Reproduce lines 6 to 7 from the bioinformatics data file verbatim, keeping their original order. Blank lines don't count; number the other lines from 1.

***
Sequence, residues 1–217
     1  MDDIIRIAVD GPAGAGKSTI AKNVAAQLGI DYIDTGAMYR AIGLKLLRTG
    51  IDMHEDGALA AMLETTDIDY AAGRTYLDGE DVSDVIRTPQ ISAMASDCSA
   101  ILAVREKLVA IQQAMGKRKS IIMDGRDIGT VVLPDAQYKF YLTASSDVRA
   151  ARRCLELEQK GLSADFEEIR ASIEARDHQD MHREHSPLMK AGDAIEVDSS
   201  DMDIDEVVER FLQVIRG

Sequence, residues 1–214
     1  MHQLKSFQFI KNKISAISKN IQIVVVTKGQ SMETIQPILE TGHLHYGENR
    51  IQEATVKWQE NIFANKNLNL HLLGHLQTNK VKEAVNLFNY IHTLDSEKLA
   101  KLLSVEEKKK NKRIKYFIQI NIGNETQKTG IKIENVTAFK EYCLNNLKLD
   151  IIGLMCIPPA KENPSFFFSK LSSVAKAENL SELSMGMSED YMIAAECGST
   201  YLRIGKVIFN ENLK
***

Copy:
   201  DMDIDEVVER FLQVIRG

Sequence, residues 1–214